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ADA Best Practices Tool Kit for State and Local Governments, Chapter 5: Website Accessibility Under Title II of the ADA. 


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Tagged PDF files make it easier for screen readers and other assistive technologies to determine a logical reading order and navigation for the file, as well as allowing for content reflow when using large type displays, personal digital assistants (PDAs), and mobile phones. This tagging can be done automatically when you save a file as PDF format starting in Microsoft Office 2007 versions of Excel, PowerPoint, Publisher, Visio, or Word. 


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A customizable quick reference to Web Content Accessibility Guidelines 2.0 requirements (success criteria) and techniques. 


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This document indicates specific techniques to meet each Success Criterion. Details for how to implement each technique are available in Techniques for WCAG 2.0, but "Understanding WCAG 2.0" provides the information about the relationship of each technique to the Success Criteria. Techniques are categorized by the level of support they provide for the Success Criteria.

In addition to techniques for addressing the success criteria, "Common Failures" are also documented. 


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WAVE is developed and made available as a free community service by WebAIM. Originally launched in 2001, WAVE has been used to evaluate the accessibility of millions of web pages.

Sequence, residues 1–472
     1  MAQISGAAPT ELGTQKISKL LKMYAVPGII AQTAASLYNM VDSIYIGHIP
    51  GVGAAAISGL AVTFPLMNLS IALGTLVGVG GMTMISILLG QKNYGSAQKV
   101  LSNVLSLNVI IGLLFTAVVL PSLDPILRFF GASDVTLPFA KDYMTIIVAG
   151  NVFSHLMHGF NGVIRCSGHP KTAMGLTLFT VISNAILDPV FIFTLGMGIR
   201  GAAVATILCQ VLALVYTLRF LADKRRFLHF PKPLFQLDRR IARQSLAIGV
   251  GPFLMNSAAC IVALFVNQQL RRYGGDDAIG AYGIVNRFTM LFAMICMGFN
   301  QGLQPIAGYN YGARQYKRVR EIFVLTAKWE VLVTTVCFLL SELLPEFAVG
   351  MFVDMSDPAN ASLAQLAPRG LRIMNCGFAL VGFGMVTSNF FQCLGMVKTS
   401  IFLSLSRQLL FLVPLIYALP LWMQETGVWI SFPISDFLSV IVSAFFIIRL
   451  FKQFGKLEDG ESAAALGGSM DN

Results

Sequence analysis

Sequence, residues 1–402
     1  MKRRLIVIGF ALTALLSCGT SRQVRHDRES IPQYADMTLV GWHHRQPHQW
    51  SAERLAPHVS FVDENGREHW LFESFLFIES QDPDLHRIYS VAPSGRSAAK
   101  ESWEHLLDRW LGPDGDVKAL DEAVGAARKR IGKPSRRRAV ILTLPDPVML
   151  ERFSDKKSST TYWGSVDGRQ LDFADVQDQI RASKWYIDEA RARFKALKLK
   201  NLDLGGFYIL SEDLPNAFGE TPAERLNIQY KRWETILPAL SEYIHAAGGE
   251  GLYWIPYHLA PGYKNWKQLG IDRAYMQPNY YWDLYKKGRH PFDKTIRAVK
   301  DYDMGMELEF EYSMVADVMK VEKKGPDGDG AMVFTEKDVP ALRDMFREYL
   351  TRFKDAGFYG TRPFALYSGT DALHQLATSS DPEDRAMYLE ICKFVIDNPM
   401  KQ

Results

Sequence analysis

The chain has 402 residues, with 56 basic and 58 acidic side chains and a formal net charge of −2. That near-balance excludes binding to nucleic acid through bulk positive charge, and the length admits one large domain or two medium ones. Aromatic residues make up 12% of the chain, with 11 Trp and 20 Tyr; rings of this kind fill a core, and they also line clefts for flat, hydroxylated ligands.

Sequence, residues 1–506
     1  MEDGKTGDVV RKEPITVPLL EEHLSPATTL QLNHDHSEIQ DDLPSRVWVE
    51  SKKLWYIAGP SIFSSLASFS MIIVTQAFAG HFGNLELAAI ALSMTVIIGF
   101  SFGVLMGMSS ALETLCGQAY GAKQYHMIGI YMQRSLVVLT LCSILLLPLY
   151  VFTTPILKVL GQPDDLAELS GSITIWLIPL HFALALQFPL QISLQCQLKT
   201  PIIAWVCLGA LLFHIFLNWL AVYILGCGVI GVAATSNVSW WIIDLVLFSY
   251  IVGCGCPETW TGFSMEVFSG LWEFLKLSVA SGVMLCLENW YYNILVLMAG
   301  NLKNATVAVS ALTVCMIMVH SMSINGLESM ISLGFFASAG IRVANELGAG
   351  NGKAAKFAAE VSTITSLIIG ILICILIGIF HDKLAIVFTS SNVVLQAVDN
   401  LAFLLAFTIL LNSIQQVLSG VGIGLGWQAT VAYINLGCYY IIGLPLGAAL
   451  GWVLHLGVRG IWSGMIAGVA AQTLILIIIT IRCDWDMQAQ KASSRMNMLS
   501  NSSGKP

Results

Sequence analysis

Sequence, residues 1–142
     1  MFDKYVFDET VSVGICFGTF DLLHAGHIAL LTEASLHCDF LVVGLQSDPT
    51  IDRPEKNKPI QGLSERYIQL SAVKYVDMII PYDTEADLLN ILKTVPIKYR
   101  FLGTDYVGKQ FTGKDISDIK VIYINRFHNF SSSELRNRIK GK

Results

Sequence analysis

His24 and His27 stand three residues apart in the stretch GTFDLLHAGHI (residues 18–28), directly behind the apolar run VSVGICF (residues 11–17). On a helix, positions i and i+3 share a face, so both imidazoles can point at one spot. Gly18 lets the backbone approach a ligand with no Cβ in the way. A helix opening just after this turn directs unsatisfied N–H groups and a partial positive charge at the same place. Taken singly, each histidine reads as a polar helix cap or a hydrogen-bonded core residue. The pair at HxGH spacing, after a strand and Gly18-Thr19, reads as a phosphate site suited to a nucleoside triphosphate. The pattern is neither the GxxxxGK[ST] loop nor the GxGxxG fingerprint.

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WCAG 2.0 covers a wide range of recommendations for making Web content more accessible. Following these guidelines will make content accessible to a wider range of people with disabilities, including blindness and low vision, deafness and hearing loss, learning disabilities, cognitive limitations, limited movement, speech disabilities, photosensitivity and combinations of these. Following these guidelines will also often make your Web content more usable to users in general. 


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The WCAG documents explain how to make web content more accessible to people with disabilities. Web "content" generally refers to the information in a web page or web application, including:
  • natural information such as text, images, and sounds
  • code or markup that defines structure, presentation, etc.
 


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The following is NOT the Web Content Accessibility Guidelines (WCAG) 2.0. It is, however, a simple checklist that presents our recommendations for implementing HTML-related principles and techniques for those seeking WCAG 2.0 conformance. The language used here is quite different from the official WCAG 2.0 specification to make it easier to implement and verify for web pages. 


 

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